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The Sony a6500 for Trail Running

The Sony a6500

In the last months, there has been a resurgence of the age old question asked of successful photographers, “What camera do you use?” While this question used to annoy me, and I wanted to scream, “It does not matter!” Now, it actually does matter. But for reasons less about quality, and more about size. For me, and the work I am doing a lot of right now, size matters.

Today we have more options than ever for camera gear, and with those options comes opportunity. Depending on what you shoot, the size and weight of your camera gear can make a huge difference to how you work. If you’re pulling up to a shoot location and walking 100 meters, a heavy camera is fine. But no one wants extra weight for a 30km run through the Alps with 2000+ meters of gain. Our team at ALPSinsight is not only producing trail running photos, we’re doing the runs as the athletes, carrying our own gear. Gear choice has become critical.

Some years back, when Sony started to come on strong, I switched to the a7 series. My reasons: they were much lighter, less bulky, and I felt the quality was better. I never looked back. The Canon gear, which I had amassed a ton of in my 15 years of shooting professionally, got dustier and dustier until one day it all ended up dumped on the counter of a second hand camera shop, along with a whole lot of other photographer’s Canon gear. I wasn’t the only one to make the switch.

As a back up to the a7’s, I got an a6300, which I promptly fell in love with. Later, when the a6500 launched, I had my dream camera. The a6500 is a camera I can take running, climbing, and ski touring. Given that that is about all I do, it has become my go to camera. I now save the a7 for photoshoots where we are shooting more static subjects, when speed is not important, and when we don’t have to carry it.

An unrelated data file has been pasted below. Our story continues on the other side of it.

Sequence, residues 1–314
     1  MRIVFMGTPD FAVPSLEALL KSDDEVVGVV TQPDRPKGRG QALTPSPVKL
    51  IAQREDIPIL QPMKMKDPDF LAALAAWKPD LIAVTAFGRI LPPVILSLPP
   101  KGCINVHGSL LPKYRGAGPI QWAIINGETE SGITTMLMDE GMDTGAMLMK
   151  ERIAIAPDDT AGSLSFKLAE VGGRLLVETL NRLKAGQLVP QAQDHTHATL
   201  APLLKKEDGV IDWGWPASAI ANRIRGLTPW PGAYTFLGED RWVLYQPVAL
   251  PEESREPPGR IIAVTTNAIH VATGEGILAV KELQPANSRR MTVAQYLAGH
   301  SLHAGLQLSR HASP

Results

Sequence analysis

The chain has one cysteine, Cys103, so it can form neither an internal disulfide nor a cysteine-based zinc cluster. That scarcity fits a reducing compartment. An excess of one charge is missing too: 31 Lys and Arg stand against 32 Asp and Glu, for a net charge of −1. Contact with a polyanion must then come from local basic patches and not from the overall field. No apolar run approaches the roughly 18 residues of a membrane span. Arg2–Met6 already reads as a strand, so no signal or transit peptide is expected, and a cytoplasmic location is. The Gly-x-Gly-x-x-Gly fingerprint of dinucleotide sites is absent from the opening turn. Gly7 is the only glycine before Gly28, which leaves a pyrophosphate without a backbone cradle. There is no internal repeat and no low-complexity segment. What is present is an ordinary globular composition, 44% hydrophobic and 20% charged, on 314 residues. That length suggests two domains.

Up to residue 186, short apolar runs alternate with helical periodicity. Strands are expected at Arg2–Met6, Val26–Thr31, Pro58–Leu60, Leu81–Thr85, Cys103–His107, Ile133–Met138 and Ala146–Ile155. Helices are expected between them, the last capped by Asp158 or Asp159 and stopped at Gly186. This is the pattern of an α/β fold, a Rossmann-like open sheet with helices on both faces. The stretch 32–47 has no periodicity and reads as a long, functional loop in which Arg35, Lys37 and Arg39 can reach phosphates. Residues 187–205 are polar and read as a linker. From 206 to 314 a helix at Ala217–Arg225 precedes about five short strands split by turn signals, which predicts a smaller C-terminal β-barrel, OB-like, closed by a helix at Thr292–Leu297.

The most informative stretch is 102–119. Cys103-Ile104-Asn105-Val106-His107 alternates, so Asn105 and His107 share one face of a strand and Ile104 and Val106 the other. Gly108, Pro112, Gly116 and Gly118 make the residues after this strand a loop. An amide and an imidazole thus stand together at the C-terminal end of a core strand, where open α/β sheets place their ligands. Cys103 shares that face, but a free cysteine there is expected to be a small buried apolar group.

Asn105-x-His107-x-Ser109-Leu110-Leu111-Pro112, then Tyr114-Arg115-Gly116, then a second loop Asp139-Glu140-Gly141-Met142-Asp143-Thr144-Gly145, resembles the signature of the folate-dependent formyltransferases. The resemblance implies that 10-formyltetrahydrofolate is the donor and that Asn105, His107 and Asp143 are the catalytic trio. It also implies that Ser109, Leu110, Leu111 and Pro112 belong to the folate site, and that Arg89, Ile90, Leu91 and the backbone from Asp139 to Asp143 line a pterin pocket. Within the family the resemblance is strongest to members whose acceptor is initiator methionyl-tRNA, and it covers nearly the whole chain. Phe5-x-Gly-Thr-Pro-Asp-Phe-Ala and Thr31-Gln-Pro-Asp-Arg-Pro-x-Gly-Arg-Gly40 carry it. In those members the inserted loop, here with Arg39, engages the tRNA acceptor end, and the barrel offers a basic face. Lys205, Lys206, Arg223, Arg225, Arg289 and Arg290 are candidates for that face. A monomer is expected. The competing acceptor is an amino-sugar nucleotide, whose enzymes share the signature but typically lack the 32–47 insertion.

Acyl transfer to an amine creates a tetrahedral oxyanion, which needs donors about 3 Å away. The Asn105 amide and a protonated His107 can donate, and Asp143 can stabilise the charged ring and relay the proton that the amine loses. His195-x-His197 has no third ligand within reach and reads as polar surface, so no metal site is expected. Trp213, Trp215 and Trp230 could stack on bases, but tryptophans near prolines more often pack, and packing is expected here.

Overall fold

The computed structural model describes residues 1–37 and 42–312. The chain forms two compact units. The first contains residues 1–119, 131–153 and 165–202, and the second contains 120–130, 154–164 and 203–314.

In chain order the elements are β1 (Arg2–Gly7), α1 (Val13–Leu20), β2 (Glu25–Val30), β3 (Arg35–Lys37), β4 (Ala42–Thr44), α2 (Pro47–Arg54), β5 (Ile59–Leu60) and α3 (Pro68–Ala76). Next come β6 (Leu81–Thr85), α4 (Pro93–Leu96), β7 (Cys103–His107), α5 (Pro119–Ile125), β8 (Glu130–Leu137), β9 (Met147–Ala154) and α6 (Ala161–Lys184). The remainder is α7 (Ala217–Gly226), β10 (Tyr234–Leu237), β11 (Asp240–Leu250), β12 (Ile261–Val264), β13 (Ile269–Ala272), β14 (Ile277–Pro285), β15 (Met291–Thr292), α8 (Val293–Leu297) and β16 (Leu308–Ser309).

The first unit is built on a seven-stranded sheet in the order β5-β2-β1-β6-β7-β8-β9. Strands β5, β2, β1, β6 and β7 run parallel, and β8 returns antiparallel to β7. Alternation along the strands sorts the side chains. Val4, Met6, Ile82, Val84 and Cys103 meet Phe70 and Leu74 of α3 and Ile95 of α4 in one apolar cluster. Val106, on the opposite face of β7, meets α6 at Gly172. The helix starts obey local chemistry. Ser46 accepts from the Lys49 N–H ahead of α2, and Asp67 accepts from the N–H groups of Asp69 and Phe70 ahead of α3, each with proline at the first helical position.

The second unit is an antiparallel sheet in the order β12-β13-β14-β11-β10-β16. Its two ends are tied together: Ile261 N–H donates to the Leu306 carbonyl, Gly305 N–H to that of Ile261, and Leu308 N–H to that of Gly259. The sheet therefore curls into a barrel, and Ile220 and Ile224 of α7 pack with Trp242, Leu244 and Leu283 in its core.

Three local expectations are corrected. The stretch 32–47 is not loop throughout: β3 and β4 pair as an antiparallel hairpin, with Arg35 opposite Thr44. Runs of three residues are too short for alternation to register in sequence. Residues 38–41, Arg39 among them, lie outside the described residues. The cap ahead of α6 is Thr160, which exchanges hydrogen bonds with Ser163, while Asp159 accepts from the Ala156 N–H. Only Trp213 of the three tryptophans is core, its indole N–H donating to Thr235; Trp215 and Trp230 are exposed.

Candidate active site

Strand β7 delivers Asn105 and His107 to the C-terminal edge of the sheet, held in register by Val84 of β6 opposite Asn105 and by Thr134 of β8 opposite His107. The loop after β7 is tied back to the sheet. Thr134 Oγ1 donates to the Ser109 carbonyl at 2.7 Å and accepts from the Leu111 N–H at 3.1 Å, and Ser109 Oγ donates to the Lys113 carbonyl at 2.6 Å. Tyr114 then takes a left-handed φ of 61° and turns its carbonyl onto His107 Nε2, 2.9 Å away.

If you follow along here, you know we’ve been doing a huge amount of real trips. I cannot imagine having to carry anything heavier than the a6500 when we did our Nepal 3 Passes run, the Glacier Haute Route, or all the many Way Ups. I’ve already written about our switch to Sony, and how I use Sony for all our work. Now, with the a6500, I have been able to run with my camera gear and shoot with zero concern of compromising quality for carriability. Our entire Run the Alps Switzerland book, and Elevation : The Alps Trail & Peak Running Resource site are 100% Sony RX100 or a6500 images. Ditto for our Trail Runner magazine features and covers, Runner’s World features, Black Diamond, Dynafit, Osprey, and Camelbak advertising shoots, and a Swiss Tourism campaign.

For me, the only thing more dreamy would be for the RX100 to suddenly work for all my needs. Wait a minute… the RX100 VI is out, and while it won’t replace the a6500, I’m certainly going to have a look.

So, we’ve covered what camera we use for trail running… Don’t forget to ask the almost more critical question, “What lenses do you use?”

For 98% of the trail running images, it’s the Sony E 16-70mm f4 ZA OSS Zeiss Vario-Tessar E-Mount or the Zeiss Touit 12mm f/2.8 Lens. That’s it! Everything else is too heavy.

By Dan Patitucci

All the Clips below were shot with the Sony a6500. Clearly, it works for publication, so… why are you carrying extra weight?

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Comments 14

  1. I was going to email you and ask what I should trade my Canon gear for… well, I have the answer. Thanks!

  2. Love your work and you inspired me to switch to sony for my outdoor skitouring and trail running etc. One thing that has been bothering me a bit though, is thinking about if the running with the camera in hand, or in the backpack, will shake things so much it damages the camera body or lenses. What are your thoughts on this? Have you ever had any issues with something like this? I have the A7ii and the a6300. Trying to decide which one to keep. Thanks so much again and happy “gun and run”!

  3. Thanks for the review !
    Did you have any issues with the 16-70 ? It looks like an awesome piece of glass but there are so many negative reviews (mostly great mechanical quality but very bad optical results). But your pictures look really sharp to me. Any thoughts ?
    Thanks, and great blog as always.

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      Author